Immigration and Voting on the Size and the Composition of Public Spending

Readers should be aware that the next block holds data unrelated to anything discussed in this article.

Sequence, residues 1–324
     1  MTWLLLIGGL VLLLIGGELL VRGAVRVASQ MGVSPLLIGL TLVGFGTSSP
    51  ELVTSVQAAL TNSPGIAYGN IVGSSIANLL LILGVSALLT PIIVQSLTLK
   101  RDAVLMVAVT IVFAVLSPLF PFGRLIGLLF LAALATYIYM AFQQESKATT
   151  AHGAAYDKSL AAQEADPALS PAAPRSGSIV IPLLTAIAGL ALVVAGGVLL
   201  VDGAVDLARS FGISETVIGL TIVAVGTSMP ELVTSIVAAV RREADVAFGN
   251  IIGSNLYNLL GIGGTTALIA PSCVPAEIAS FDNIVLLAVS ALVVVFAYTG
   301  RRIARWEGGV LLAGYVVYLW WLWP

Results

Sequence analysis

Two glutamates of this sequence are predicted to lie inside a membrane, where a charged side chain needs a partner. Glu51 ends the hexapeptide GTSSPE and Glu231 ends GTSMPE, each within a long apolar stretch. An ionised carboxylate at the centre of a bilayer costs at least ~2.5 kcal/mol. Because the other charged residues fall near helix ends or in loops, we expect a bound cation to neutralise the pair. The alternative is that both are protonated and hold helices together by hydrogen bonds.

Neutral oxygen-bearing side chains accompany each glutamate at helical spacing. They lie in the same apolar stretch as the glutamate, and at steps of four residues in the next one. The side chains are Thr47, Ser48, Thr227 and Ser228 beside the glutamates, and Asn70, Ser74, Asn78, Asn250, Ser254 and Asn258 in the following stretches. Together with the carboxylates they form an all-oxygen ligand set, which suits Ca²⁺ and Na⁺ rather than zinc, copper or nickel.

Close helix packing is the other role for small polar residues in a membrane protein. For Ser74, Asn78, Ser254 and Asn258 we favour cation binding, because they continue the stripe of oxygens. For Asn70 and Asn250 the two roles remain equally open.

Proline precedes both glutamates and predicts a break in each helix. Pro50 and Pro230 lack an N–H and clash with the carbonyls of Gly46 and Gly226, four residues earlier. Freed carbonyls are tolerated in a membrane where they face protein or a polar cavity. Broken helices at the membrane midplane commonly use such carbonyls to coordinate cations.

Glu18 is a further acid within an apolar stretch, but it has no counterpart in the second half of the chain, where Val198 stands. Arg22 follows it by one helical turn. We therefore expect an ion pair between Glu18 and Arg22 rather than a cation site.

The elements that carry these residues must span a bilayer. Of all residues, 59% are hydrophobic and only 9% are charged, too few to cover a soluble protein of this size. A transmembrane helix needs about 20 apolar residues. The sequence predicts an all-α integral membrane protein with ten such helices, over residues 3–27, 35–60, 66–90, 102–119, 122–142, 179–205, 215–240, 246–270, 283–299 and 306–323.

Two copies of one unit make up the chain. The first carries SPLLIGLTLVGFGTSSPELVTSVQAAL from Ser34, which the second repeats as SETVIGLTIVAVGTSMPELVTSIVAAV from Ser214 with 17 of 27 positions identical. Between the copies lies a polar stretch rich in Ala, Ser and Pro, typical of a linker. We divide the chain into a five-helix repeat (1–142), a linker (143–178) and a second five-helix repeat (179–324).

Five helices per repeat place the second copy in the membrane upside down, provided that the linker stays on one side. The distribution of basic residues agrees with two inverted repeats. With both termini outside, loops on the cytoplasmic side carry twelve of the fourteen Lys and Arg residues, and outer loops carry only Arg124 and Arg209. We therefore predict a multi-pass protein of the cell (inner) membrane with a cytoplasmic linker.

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This paper analyzes the effects of immigration by skill on the outcome of a majority vote among natives on both the size and the composition of public spending. Public spending can be of two types, spending on rival goods (transfers) and on nonrival goods (public goods). I find that the effect of immigration on total public spending depends both on the degree of income inequality and on preferences for the different types of spending. In particular, both skilled and unskilled immigrants are more likely to increase (decrease) the size of total public spending if natives have a preference for spending on public goods (spending on transfers).